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HS 748 at Iqaluit. High operating costs and recent fuel price fluctuations create an incentive for the airline to replace the Hawker in the Baffin region as soon as economically feasible.

ATR42s on the flight line at Yellowknife. The aircraft is certified to –54°C.

Loading in Yellowknife.

Seat bags allow First Air to carry light freight, such as mail, in passenger compartments–shown here with a part load. In flight, the cargo is covered and secured for safety. The seat bags, more properly called Bennett Seat Converters, were produced by John’s Aircraft and Upholstery Service in Palmyra, West Australia.

VP Don Orr and Mechanical Designer Phil Lee inspect the new cockpit door required for security. Originally designed for the Dash 8 and adapted for use on the ATR, it will protect the crew against intrusion and withstand impacts from 9 mm and .44 calibre weapons.

Heavy Maintenance Supervisor Peter Bryant checks the Halon bottles located beneath the floor of the passenger compartment. The 33-pound bottles provide enough chemical to knock down a cargo compartment fire and suppress it for 63 minutes. The cargo cabin is kept at a slightly negative pressure in flight, which helps ensure that smoke is contained. Air from the cargo area is drawn through a small hole near the front and underneath the sealed floor to outflow valves at the rear of the aircraft. The fire suppression system was designed in co-operation with Kidde Aerospace of North Carolina.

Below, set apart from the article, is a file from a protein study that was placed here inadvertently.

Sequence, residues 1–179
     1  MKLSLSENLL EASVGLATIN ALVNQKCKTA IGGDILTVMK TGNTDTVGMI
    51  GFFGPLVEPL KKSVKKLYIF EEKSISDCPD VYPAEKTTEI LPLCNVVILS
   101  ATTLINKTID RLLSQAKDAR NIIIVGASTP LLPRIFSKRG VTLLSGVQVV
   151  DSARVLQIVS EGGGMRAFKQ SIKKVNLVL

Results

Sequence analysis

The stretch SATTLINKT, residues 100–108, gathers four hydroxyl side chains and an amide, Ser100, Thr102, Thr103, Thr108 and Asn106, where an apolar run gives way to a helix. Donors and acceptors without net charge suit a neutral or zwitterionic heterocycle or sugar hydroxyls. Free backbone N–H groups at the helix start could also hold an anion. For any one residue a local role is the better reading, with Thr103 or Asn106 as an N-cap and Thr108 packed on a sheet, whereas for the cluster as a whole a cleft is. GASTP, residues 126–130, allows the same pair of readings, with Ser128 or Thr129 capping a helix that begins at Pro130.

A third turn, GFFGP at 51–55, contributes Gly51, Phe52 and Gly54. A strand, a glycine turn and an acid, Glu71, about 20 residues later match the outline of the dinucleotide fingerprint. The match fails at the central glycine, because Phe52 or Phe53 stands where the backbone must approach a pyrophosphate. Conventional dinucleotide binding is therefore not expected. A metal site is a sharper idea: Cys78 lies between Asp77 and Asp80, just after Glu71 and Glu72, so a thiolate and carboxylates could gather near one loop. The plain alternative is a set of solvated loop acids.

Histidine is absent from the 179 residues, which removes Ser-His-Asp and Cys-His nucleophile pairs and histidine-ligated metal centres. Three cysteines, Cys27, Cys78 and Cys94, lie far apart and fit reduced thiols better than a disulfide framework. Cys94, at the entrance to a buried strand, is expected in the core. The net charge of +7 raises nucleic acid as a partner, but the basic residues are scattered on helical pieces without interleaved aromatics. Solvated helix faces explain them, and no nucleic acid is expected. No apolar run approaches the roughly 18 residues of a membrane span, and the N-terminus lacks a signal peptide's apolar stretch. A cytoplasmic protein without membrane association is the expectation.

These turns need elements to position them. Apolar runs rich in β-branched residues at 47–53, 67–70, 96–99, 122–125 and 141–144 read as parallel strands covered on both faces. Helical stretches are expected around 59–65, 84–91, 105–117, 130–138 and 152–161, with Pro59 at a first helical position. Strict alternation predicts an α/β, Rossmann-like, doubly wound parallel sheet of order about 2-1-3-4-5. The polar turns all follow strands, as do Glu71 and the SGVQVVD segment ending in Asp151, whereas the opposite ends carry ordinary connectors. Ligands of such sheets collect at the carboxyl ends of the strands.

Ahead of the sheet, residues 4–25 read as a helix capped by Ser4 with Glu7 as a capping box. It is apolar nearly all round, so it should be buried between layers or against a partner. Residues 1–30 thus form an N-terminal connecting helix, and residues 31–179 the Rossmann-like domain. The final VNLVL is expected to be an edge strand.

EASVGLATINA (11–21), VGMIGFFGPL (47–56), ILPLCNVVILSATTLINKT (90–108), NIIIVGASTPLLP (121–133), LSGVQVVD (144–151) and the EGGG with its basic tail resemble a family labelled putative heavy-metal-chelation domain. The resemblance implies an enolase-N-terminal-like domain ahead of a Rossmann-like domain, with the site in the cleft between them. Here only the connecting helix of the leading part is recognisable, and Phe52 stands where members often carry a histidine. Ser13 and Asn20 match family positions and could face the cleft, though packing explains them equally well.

Peter Bryant signals the spool up of C-FIQU’s second engine before departure from First Air’s Carp, Ontario maintenance base west of Ottawa. First Air schedules conversions with heavy maintenance checks, and the process takes approximately 30 days. The airline is getting more proficient as its experience grows. This third aircraft was the first “production set” conversion and was completed in half the person-hours of the earlier aircraft.

First Air uses underwing pressure fueling. A rear cargo compartment can be accessed through a door located in the galley area opposite the passenger door.

Unloading freight at Kugluktuk. Except during the short shipping season, airlines like First Air carry all the staples and supplies required in northern communities. The ATR42-300 combi variant allows cargo and passenger requirements to be met by a single aircraft type.

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